[Java] Find if two strings are interleaved

A string is the result of interleaving two other strings if it contains ALL characters from both strings in the same order as they appear in the source strings. When determining which character to place in the interleaved string, it is possible to choose each time 0+ characters from either string!

ABACCA is the interleaving of ABC and ACA -> AB, A, C, CA
ABACAC is also the interleaving of ABC and ACA -> AB, AC, A, C
ABAACC is NOT the interleaving of ABC and ACA -> AB, A, we expect now a C but find an A instead

The 0+ choice makes things a bit hard, contrarily to the O(N) case where we could pick only 1 character from each string at a time.
It means we might create the result string in more than one way and need therefore to examine all the possibilities before returning our verdict.


[Java] 0/1 knapsack problem with dynamic programming

Some time ago we saw a good heuristic for the 0/1 knapsack problem, but it was a heuristic and as the testing demonstrate, there are cases where the optimal solution is missed.

The only way to determine the actual optimal solution is to consider all possibilities and therefore compute a 2D (or more, depending on the constraints) matrix which we would later scan to identify which items have been chosen to reach the computed optimal solution.
The matrix rows indicate the items and the columns indicate all weights from 0 up to the maximum bag capacity.


[Java] Maximise alternate picks on array - dynamic programming

Last time we saw how to find the maximum achievable value in a situation where two players alternate in picking items from an array boundaries. Solution works, but runs in O(2^N) which becomes quickly unacceptable.

If we introduce a bit more complexity, we can take that time and space down to O(N^2), which is still not awesome but definitely better than before. The key is to track calculations that have already been done to reuse those values later on; this translates in us keeping a matrix of size 2xN^2 where for each player we track the best pick at a specific point in time. When we get to evaluate that pick again, if the result is already cached, we can simply return it and avoid extra function calls.

This performance change can be easily tracked by keeping a global counter starting at 0 and increasing it by 1 at the beginning of the helper function. At the end of the algorithm we will see the total number of functions calls for both methods.

You can check my implementation of getMaxGoldFromPots on my Gist alongside some test cases in GoldPotsJTests.

Note: The test cases are exactly the same, therefore to try either approach simply rename the function calls in the JUnit tests.


[Java] Maximise alternate picks on array

Here's a simple game: gold pots with different amounts of coins are placed in a single line. Two players alternate in choosing one pot to pick from either side.
Find the maximum amount of gold a player can get.

And the solution is intuitive enough with only a big gotcha: while the game progresses, the same player does NOT always pick, therefore he will have turns where his total does NOT increase AND he is left with the WORST choice for the next turn.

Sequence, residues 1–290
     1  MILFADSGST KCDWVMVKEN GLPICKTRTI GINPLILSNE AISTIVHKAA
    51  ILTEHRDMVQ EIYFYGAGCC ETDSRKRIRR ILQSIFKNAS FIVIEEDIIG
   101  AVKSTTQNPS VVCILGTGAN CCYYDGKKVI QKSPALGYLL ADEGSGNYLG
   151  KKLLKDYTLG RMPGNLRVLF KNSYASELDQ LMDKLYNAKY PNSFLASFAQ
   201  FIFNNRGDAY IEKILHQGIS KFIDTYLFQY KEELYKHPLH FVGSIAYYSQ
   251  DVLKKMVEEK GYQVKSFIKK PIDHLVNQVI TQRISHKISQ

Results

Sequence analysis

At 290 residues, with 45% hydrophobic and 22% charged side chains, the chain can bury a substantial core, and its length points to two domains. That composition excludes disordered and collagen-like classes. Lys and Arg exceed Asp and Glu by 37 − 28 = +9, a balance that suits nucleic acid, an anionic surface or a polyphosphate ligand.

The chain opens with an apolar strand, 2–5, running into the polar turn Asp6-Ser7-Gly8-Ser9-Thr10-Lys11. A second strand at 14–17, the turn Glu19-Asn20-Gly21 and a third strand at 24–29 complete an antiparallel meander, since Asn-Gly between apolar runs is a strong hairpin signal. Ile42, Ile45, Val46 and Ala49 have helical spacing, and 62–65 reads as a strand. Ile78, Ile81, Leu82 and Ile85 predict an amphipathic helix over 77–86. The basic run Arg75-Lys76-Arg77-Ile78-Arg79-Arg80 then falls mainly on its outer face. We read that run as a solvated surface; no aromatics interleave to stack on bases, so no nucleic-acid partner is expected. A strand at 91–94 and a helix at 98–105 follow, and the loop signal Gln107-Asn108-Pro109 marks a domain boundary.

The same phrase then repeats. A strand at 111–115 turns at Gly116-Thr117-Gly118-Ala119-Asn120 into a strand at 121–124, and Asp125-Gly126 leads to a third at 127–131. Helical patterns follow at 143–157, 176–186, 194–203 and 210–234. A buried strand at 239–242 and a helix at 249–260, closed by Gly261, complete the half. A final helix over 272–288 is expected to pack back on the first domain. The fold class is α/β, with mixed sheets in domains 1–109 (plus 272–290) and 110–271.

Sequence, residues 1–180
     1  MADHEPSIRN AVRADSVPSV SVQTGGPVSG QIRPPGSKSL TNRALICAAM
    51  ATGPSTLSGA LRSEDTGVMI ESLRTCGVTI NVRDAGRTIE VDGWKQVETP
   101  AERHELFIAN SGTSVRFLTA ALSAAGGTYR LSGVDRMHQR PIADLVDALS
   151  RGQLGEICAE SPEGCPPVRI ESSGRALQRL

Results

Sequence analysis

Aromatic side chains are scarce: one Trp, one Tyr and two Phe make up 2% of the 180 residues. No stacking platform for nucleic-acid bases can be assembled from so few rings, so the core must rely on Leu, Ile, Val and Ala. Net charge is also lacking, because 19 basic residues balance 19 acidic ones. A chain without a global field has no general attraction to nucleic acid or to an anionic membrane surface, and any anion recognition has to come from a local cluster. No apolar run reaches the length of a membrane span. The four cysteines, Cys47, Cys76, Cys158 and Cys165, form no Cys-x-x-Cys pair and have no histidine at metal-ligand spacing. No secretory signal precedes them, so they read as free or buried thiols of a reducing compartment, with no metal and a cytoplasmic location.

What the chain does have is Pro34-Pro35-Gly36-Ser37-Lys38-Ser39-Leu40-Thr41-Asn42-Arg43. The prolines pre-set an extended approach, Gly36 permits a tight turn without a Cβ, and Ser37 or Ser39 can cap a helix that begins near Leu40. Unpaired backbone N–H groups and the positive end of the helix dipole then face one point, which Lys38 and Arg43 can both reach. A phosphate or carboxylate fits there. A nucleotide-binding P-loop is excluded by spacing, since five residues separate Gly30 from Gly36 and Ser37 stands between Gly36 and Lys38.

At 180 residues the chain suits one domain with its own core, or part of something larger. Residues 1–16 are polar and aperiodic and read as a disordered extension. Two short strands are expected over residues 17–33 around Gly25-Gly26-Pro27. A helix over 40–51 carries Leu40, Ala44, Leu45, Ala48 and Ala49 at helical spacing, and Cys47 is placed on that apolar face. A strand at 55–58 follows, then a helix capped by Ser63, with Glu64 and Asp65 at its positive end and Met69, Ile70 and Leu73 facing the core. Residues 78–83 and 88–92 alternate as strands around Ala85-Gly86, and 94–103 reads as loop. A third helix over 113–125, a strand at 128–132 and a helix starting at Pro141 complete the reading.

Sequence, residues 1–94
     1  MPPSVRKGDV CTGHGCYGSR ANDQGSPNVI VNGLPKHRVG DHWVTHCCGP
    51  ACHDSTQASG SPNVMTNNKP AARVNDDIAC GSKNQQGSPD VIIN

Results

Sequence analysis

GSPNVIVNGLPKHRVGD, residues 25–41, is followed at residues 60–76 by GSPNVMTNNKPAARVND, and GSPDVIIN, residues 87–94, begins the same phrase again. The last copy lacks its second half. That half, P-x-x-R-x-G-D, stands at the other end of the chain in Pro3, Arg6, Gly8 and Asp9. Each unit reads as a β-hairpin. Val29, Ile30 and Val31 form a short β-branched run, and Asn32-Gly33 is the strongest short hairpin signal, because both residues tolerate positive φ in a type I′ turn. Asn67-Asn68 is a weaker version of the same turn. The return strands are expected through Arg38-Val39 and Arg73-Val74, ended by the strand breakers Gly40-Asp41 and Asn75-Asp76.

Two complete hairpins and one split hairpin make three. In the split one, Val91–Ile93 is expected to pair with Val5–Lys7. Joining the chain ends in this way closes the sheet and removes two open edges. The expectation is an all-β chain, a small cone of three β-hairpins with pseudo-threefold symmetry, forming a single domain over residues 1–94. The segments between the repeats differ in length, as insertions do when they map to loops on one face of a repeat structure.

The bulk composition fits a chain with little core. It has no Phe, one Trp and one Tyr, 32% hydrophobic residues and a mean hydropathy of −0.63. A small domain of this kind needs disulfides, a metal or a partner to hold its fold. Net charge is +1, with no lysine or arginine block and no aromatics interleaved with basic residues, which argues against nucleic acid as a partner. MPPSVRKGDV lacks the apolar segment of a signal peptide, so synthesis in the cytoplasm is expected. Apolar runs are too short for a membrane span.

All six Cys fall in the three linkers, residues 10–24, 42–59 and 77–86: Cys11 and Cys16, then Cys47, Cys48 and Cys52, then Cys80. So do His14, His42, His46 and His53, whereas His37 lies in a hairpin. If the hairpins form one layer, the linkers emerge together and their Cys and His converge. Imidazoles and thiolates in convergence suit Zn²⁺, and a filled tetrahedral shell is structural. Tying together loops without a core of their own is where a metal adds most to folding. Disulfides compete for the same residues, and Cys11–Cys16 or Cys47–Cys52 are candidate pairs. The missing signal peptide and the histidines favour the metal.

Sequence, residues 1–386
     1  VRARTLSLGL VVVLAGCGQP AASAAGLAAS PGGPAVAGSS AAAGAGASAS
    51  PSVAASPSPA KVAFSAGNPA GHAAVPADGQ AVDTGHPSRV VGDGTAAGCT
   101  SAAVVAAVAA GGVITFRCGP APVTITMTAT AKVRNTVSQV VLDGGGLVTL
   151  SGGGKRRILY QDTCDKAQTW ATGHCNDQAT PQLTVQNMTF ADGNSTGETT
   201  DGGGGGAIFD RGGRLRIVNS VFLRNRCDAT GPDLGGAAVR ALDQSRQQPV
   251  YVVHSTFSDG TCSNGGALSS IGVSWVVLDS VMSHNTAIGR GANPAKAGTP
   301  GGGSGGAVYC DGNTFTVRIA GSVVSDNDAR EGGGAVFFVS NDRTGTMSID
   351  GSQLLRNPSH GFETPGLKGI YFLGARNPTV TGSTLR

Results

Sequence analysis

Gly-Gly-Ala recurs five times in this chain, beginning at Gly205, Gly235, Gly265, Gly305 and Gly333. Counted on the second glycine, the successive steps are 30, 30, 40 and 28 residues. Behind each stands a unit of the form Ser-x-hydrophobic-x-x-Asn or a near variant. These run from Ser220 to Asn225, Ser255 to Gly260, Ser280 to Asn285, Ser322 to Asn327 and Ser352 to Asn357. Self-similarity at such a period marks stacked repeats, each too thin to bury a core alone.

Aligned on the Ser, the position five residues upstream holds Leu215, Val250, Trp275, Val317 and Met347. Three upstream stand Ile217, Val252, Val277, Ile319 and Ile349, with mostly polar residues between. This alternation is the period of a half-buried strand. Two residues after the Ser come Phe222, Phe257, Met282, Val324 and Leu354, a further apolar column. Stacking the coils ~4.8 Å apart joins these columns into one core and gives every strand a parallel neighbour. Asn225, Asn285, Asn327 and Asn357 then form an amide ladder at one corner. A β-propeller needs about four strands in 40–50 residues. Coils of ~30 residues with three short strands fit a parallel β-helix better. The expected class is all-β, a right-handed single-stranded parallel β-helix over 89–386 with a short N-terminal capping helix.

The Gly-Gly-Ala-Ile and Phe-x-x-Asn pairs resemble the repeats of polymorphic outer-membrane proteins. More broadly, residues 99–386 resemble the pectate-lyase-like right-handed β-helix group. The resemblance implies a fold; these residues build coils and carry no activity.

This translates into a recursive algorithm where Math.max and Math.min are our friends. We must carefully track which player would get to pick during recursion and adapt the branching on PICK + MAX or only MIN depending on whose turn is it. The base case is when a single pot is left - and even here we must check for whose turn it is!

For complexity, since we are deciding between two options at each step, we get a scary O(2^N) time and space due to the stack recursion.

You can find my implementation of getMaxGoldFromPotsNoDP on my Gist alongside some test cases in GoldPotsJTests.

A slightly more complex solution that has overall better performance O(N^2) can be found in getMaxGoldFromPots instead.


[Java] Loop over digits in a number

Well of course we could just convert the number to String and take it up from there, but since we're real men who know about the modulo operator, we can instead do:

 while(number > 0) {  
  digit = number % 10;
  number /= 10; //discard the digit and advance to the next spot  

And would also be careful to declare number as a copy of our input number so as not to destroy it.

[Java] Count number of bits set to 1 in a byte type

Some more Java byte type related fun, how to count the number of bits set to 1 in a given byte.

 public int count(){  
  int tot = 0;  
  for(byte b = 0b00000001; b != 0b00000000; b = (byte)(b << 1)){  
   if((b & res) == b) tot++;  
  return tot;  

We can loop over it with some gotchas:
  • properly initialize our loop variable as byte value: 0bVALUE and set the rightmost bit to 1, using the same length as our byte variable we want to test
  • break the loop at 0b0, which is when we overflow with the shift
  • convert back to byte with a cast the result of << operation
  • check if the bit is set with a bitwise AND operation first

[Java] Set a specific bit in a byte type

First of all let's start by saying that quite counter intuitively, Boolean in Java is not a single bit but either a 32 or 64 bit entity while a boolean[] uses a byte for each element :)

Now that the shock is passed, let's see how to set a specific bit in a byte object:

 public void set(int bit){  
  byte b = (byte)(1 << (bit - 1));  
  res |= b;  

Assuming res is our byte variable. And yes, the cast is there since the shift operation << returns an int, therefore it must be cast back to byte type, otherwise the bitwise OR would later fail!

And the -1 is of course because we start with position 0 on the right. Note that using the bitwise OR will set the bit ONCE and never revert it back!